Seaga a nice guy but wasn’t tough enough on crime, says Adams
If former senior superintendent of police and security expert Reneto Adams could have had a drink with former prime minister and West Kingston member of parliament (MP) Edward Seaga before he died on Tuesday, he would have treasured the moment.
Though maintaining that he highly respects Seaga, their relationship over many years was rocky as Adams’ role as a policeman clashed with Seaga’s duties as a politician.
For decades, West Kingston, both during and after Seaga’s time as its MP, has been deemed a haven for criminality, and yesterday, Adams was adamant that the former MP did not do all in his power to stamp out lawlessness in the area.
Adams recalled a 2001 incident in which he, as head of the now-defunct Crime Management Unit, along with members of his team, came under sustained heavy gunfire for hours from gunmen from Tivoli Gardens, pinning down the cops inside a high-rise building. The gunfire ceased for a short moment when Seaga showed up to offer the officers safe passage out.
Adams turned the offer down, and when Seaga left, the gunfire resumed. Twenty-seven citizens lay dead at the end of the stand-off.
‘We were obstructed by him’
“I refused because I wasn’t sent there by Mr Seaga. I was sent by the [Jamaica Constabulary] Force to take away the drugs and guns as well as to execute warrants and arrest wanted men. We were obstructed by him. Some time after, I sent a message to say I was only doing my job as a policeman. He replied to say, ‘Mr Adams, you do your work as a policeman, but remember that I am a politician’. In other words, he had to say, appear to be saying, and do certain things to appease his constituents.”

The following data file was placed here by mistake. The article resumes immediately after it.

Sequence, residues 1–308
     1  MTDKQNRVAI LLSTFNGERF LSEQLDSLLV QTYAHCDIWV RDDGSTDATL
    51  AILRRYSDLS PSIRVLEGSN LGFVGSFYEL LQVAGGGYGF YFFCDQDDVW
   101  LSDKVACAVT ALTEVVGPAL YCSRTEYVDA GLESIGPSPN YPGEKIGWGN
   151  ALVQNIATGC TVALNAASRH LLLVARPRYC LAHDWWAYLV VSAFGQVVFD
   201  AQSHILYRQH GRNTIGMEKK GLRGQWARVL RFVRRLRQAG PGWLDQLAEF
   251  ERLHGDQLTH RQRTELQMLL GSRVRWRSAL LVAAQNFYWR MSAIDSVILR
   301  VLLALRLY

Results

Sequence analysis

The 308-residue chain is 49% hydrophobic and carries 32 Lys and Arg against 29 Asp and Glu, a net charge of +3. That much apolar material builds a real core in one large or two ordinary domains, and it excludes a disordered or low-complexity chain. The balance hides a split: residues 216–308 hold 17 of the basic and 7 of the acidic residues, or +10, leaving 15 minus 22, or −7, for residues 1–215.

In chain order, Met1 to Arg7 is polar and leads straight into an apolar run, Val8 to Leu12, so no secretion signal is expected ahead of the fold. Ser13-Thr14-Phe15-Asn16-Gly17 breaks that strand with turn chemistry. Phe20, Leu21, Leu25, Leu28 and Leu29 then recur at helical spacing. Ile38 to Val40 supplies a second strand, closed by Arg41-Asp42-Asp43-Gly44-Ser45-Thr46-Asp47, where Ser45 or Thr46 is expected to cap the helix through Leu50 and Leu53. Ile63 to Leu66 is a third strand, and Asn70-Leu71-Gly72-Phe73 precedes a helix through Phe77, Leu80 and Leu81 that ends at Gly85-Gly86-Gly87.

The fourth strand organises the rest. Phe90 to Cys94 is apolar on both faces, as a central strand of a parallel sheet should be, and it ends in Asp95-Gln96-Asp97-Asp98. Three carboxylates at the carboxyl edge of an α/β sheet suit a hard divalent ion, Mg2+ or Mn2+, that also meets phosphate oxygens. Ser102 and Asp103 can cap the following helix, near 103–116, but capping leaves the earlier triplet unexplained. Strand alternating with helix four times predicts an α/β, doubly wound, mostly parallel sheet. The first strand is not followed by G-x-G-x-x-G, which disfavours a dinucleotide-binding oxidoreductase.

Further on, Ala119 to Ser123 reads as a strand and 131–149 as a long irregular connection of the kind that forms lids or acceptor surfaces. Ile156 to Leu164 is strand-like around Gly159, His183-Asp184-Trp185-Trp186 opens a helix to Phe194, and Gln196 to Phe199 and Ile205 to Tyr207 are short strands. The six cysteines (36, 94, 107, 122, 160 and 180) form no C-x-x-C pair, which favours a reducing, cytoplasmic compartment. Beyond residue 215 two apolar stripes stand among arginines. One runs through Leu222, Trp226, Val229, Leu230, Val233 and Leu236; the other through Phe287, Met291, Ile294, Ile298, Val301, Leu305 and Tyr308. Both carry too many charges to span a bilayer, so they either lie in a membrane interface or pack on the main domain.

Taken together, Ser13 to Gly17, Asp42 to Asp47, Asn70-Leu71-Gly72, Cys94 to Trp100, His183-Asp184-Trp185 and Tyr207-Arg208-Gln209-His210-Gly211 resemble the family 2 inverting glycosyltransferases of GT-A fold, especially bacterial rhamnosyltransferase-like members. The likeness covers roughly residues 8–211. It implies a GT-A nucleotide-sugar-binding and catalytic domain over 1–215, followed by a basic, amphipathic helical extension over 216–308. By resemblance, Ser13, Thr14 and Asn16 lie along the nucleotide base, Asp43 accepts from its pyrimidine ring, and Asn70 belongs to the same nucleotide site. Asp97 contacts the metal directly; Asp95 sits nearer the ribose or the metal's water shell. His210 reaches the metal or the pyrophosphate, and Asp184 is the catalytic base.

He continued: “If it were possible, I would still love to drink a beer with him. I have one of the greatest respect for him. He has done great things for Jamaica that set us on the path of development, but he has also done many bad that have retarded us over the last 30 to 40 years. He was instrumental in the construction of garrisons in Jamaica and garrisons were not necessary for the development of the country”.
Adams said garrisons exist to enslave the people and deprive them educationally, psychologically, and otherwise.
“They are not able to express their wishes as they ought to be doing. They are restricted. Over the 40 years I was in the police force, working with him, he had never given me the impression that he really wanted crime and criminals to be dealt with other than a time when he sent 13 names to the commissioner’s office of criminals he wanted out of West Kingston, including that of Christopher ‘Dudus’ Coke,” the retired cop told The Gleaner.
“Apart from that, he was a nice guy. All my observations of him are not personal. He was a leader who, when you were in his presence, you felt, saw, heard, and knew his leadership. He wasn’t like these leaders nowadays, who, if they are not on a platform, you don’t see or feel them. A leader must be forceful, dynamic, and people must understand what you are about and must comply with what the leader requires, consistent with moral considerations,” Adams added.
During his policing years, Adams was emblematic of the tough street cop, much revered among the masses, but whose chequered past of multiple fatal shootings drew fire from human rights and civil society groups.